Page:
The basic message of the Bible can be summed up in a passage from 2 Corinthians 5:19: "In Christ God was reconciling the world to himself, not counting their trespasses against them."
The story of the Bible is how God achieves this. It has many important themes and subthemes, the most important of which we will now trace, first by looking at the "shadow" of this reconciling work in the Old Testament, and then at its glorious fulfillment and reality in Jesus.
The Bible opens with God creating the world by his word. He speaks it into being. He says, "Let there be light," and so it is.
Humanity is the pinnacle of the creation. This is clear from the way the man names the animals and tends the Garden of Eden in which God has placed him. It is not because he is more intelligent than the animals, but because he is qualitatively different, being made in the image of God and having been given dominion by God to rule over the creation under God (Gen. 1:26-27).
God institutes marriage. Humans are to be social beings as well as spiritual. They are not only related to God and the world around them, but they are to relate to one another in a loving and sharing relationship. This is exactly what life was like as it is described for us in the Garden of Eden. We are told that the man and the woman were naked and felt no shame (Gen. 2:25). The symbolism here is beautiful. They were completely exposed. There was nothing they had hidden or wanted to hide from each other. Their deep longings could be shared without fear of laughter or ridicule. There was opportunity for social development and for marriage security.
Provision was made for their spiritual growth. God came and walked with them in the cool of the day, and they had fellowship with him. There was a tree in the middle of the gardenthe tree of the knowledge of good and evil. They were not to eat of the fruit of this tree. With the prohibition there was a penalty attached. God said to them: "You may surely eat of every tree of the garden, but of the tree of the knowledge of good and evil you shall not eat, for in the day that you eat of it you shall surely die" (Gen. 2:16-17).
This enabled their spiritual maturity to develop. They had an opportunity to demonstrate to God their love for him by this act of obedience. Without it, there was no way to show it. There was food in abundance, so that this simple act of obedience was not a burden.
Provision was also made for them to be responsible for the environment. This is the idea behind the naming of the animals and the dominion to be exercised over them, as well as the care of the garden (Gen. 1:26; 2:15).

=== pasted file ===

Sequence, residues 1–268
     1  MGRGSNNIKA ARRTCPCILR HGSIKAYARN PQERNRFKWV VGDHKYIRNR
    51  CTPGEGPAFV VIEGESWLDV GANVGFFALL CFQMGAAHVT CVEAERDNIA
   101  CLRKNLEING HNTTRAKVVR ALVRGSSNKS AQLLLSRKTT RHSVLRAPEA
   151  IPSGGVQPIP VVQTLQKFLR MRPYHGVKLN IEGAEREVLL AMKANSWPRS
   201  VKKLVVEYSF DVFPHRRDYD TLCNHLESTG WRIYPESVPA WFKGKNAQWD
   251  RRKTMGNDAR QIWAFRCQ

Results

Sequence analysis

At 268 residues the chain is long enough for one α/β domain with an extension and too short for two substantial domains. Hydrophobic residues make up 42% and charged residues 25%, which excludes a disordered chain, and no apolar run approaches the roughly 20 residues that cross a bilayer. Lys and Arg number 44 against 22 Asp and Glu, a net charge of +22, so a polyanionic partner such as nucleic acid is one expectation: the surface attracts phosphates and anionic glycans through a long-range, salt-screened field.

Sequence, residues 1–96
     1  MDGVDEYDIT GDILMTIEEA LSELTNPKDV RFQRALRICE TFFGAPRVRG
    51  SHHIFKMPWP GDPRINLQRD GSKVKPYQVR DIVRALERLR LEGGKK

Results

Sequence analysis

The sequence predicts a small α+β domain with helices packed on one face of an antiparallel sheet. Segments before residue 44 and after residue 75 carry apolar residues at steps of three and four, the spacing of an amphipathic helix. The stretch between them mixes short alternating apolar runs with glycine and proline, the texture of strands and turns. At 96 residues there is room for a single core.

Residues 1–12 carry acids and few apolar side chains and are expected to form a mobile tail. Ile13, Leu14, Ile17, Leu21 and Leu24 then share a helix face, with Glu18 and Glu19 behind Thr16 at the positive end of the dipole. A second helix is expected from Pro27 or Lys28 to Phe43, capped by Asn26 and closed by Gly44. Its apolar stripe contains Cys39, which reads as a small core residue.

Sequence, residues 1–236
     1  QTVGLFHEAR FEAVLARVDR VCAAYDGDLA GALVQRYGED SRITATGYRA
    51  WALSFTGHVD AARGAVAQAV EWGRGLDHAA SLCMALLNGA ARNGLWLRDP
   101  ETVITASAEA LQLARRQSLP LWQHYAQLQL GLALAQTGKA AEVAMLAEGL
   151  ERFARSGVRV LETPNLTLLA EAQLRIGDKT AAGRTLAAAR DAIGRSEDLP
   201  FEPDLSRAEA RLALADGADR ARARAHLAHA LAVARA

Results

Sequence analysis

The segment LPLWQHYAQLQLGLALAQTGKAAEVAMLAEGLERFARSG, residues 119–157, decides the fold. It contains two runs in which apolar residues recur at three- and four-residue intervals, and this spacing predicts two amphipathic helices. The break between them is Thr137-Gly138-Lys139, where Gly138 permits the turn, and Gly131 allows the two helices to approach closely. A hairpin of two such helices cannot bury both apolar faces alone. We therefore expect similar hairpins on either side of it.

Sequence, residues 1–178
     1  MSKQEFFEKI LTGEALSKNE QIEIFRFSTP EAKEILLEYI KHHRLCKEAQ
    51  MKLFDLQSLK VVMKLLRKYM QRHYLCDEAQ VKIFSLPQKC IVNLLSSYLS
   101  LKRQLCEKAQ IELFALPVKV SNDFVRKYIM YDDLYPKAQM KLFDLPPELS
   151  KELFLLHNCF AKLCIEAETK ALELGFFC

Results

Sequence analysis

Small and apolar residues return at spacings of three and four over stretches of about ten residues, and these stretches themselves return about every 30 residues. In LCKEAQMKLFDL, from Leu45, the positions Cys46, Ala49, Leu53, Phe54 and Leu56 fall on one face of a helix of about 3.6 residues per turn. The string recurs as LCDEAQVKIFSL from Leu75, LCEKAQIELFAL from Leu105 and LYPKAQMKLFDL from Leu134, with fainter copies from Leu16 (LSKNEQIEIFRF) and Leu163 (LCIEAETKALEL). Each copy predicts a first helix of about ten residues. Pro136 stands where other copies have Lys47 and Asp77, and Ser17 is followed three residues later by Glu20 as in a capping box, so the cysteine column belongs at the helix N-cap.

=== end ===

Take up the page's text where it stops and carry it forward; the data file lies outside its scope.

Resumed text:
This wonderful world, as God intendedwithout fear, hatred, or disappointmentis described for us in Genesis 1 and 2. It gives a wonderful insight into God's purpose. However, it is so foreign to us as to be like fairyland. By the time we get to the end of the next chapter, we are in a world like ours. There are tensions between the man and the woman. They are no longer friends with God. Work is hard, and they are not at one with their environment. We cannot help but ask the question, "What went wrong?"
In what can only be seen as a reversal of order, we are introduced to an animalthe serpentwho instructs the woman that they should rebel against the God who has been so good to them, and the woman in turn tells the man. They should have been in charge of the animals, and not the reverse. The serpent suggests that God has not been good to them at all; that he has, in fact, withheld from them the greatest of all blessings, namely, Godhood. He then tempts them with a threefold rebellion.
The first is to rebel against the Word of God. "Did God actually say, 'You shall not eat of any tree in the garden'?" The woman is quick to correct this misrepresentation. The serpent counters with a suggestion that brings two further rebellions. To her statement that they must not eat or even touch the fruit of the tree of the knowledge of good and evil, and that if they do they will die, he says, "That's a lie. God has not given you every good thing. He knows that if you eat it, you'll become as Godand what's more, you won't die." He incites them to rebel against the goodness of God, and also against the idea that God will judge them.
What followed is history. They acted on the threefold rebellion. They lost their fellowship with God. The punishment of death in the spiritual realm was instantaneous. They were frightened by God's presence. They blamed God for their dilemma. They treated God as their equal. They were spiritually dead. The beginning of the aging process heralded their physical death. And they were put out of the garden and no longer had access to the tree of life. Nothing could have been worse than for them to live indefinitely in this rebellious state, which is called eternal death. God separated them from the tree of life, so that there was a "breathing time," a time to repent, lest their spiritual death solidify into eternal death.
That was the worst thing that could happen, but, in addition, their marriage was under threat. Childbearing was made difficult. The woman was now tempted to dominate the man. The environment was no longer friendly.
It is a bleak picture. There is no way for humanity to rectify the situation. They are now "dead" in their relationship to God. They no longer want God. They are threatened by him. Only an act of God's undeserved kindness, or grace, can reverse this situation. Two things assure us that God will intervene. The expulsion from the garden (itself part of the death penalty) gives humanity time and opportunity to repent. This aspect of death has in some sense been delayed. In addition, God gives a promise that the seed of the woman will crush the serpent's head. Humanity will triumph over the Evil One (Gen. 3:15).